Social Change is entering an age of “enlightenment” so says New York Times author David Borstein. He writes an ongoing series called “Fixes,” focused on solutions to social problems and why they work, so he has a birds-eye-view on trends and patterns across many dimensions of significant social and cultural changes that are happening.
“Much of my time over the past few years has been spent talking to people about the creative responses to social problems that are emerging across the country and around the globe. It turns out there’s no shortage of these stories. I’m often struck by how much ingenuity is out there and being directed to repair the world… I see a side of reality that goes unreported: namely, that we’re getting smarter about the way we’re addressing social problems. In fact, I would go so far as to say we’re on the verge of a breakthrough — maybe even a new Enlightenment,” writes Mr. Borstein.
Consider what the Enlightenment period was in history, whimsical thinking giving way to more rational, cause and effect understanding. It inspired new scientific methodology, challenged ideas grounded only on faith, and advocated the restructuring of governments and social institutions based on reason. Mr. Borstein consolidates his observations into three emerging trends:
1. Increasingly social problems are being addressed with the recognition that human beings don’t behave rationally much of the time. Recent research from behavioral psychology and neuroscience has demonstrated the different ways that emotions, unconscious drives, group identities, and situational cues guide human behavior. People are paying more attention to how other people really operate, and are applying that knowledge to solve problems. For instance, if we want to mobilize people to protect the environment, it’s probably less effective to issue dire warnings, than it is to organize campaigns that tap into people’s sense of pride in their community.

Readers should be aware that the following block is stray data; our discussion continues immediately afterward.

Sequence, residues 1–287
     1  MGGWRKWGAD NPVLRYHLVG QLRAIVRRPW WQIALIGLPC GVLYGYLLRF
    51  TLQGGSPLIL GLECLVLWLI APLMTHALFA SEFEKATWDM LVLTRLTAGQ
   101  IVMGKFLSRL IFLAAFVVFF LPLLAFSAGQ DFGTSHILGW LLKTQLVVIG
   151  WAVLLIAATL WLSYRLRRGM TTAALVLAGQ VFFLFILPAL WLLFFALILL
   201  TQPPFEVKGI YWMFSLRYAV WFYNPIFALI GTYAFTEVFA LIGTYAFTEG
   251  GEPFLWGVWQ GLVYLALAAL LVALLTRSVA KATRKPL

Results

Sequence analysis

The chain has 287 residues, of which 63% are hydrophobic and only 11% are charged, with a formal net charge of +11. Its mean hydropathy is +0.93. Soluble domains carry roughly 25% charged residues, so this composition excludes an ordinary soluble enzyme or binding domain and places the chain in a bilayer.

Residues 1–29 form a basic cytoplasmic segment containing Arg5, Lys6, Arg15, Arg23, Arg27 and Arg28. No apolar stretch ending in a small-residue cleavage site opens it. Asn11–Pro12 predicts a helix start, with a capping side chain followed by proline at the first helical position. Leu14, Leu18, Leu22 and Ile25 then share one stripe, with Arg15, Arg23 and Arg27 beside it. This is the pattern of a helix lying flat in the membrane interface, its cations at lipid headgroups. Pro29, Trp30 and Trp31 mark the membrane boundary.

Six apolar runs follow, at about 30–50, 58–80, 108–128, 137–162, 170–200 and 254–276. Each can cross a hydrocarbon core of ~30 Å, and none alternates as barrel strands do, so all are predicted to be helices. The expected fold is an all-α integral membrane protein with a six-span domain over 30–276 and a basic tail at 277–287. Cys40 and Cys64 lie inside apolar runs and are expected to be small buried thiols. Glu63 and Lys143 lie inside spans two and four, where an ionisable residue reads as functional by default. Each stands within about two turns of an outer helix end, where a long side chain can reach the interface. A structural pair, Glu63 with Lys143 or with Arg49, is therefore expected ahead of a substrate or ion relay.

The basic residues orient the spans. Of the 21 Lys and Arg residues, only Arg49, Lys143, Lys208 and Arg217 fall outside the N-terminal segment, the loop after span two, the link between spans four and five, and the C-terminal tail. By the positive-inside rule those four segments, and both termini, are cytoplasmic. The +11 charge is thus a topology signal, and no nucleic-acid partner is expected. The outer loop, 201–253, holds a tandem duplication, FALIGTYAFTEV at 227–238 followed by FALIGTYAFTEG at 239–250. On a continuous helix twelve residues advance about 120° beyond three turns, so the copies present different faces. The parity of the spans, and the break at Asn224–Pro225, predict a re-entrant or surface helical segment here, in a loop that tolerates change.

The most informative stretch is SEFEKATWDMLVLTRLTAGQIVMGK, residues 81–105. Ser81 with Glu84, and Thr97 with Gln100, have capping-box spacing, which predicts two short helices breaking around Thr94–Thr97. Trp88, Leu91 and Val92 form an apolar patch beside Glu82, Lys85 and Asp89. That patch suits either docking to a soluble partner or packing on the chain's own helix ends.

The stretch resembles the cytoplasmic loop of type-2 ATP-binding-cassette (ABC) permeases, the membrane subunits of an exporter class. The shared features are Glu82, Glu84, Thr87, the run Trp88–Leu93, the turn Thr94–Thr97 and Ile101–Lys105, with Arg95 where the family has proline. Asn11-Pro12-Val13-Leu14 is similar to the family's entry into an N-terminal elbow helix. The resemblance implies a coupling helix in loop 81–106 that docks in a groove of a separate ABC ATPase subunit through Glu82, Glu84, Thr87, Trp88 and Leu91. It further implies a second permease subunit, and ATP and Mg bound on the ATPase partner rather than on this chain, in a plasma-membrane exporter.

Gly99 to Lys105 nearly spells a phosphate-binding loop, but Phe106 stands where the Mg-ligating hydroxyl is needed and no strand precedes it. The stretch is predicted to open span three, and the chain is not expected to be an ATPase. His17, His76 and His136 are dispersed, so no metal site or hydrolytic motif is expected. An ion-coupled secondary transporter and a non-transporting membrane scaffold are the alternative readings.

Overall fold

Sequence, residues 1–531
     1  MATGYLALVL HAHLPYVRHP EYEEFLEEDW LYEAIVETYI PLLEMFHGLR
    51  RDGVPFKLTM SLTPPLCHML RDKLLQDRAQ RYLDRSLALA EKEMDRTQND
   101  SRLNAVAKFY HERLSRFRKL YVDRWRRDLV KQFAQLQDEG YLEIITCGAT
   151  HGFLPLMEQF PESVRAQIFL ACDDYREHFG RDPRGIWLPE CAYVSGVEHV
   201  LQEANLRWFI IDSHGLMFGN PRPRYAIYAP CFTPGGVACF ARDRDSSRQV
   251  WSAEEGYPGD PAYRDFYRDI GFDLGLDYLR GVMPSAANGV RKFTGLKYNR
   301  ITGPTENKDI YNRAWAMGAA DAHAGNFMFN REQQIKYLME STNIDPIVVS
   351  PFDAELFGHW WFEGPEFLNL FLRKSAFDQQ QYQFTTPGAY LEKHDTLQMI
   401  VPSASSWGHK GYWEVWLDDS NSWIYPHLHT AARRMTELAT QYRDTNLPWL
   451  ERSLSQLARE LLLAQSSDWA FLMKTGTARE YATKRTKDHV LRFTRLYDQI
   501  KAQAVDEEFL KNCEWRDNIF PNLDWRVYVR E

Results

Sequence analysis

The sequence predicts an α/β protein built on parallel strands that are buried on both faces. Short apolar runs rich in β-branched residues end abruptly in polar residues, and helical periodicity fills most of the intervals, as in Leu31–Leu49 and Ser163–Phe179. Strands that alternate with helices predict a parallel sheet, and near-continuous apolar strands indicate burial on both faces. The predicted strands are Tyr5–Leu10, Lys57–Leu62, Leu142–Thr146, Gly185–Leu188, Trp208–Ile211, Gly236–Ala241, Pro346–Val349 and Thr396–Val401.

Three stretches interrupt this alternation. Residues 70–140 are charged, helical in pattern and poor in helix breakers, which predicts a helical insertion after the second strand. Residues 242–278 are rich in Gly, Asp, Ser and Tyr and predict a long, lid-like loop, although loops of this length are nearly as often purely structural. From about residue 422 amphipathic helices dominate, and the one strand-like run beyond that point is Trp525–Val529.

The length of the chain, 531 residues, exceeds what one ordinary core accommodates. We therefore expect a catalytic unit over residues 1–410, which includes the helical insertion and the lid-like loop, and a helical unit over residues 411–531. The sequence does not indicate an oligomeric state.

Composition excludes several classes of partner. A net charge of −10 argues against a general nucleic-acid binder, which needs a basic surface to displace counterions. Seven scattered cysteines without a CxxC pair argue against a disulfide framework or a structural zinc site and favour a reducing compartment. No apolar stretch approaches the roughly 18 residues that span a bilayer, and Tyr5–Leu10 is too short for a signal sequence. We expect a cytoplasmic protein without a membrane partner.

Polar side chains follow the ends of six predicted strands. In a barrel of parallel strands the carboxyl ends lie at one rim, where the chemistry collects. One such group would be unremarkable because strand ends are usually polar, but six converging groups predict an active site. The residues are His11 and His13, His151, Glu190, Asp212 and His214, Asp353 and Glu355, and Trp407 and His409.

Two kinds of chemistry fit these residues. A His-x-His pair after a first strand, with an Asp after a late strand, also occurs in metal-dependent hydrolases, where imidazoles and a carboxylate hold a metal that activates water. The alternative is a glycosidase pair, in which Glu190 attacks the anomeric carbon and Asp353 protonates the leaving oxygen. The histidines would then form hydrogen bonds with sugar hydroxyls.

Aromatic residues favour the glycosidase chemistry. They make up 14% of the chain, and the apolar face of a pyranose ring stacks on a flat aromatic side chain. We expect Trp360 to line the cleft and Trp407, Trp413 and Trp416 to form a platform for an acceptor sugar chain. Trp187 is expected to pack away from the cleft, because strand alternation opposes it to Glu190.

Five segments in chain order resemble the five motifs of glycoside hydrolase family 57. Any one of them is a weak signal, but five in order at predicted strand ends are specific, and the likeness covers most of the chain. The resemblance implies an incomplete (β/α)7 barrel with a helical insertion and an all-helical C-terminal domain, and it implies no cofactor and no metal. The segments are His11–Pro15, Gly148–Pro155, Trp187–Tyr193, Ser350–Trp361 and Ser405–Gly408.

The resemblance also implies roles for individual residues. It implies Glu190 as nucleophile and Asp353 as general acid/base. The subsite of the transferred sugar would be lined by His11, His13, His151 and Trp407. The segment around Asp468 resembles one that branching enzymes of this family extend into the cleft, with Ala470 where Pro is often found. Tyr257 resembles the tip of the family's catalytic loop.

2. More and more data is being gathered, well-conducted studies have ample history to pull from, and evidence-based decision making is being used to evaluate and sharpen the effectiveness of social interventions. Private and public funders, and a wide array of watch groups are increasingly holding social programs to the task of proving their effectiveness. This puts everyone in a better position to recognize what works and what doesn’t. For a long time people with good intentions worked on social problems with no one checking on their progress, today they are increasingly being asked to prove that they are getting somewhere. Raising expectations and creating pressure for others to respond.
3. In contrast to an assembly line principle, where each person has a highly specialized task, today people are coming back together to build comprehensive solutions as a collective whole. Social issues are multi-dimensional and must be addressed from multiple angles, and with an array of expertise. Health problems in low-income communities, must also be looked at as housing problems and lack of access to healthy choices. More people are beginning to think about problems in this way. There is an awareness and integration of vast social functions, that for decades before had only been handled in piecemeal ways. This strategy has come to be called “collective impact,” through which scores or hundreds of organizations, or individuals, are pulled together to align behind an agreed on set of measurable goals. And only through their collective efforts are real answers found.
– Mary Purcell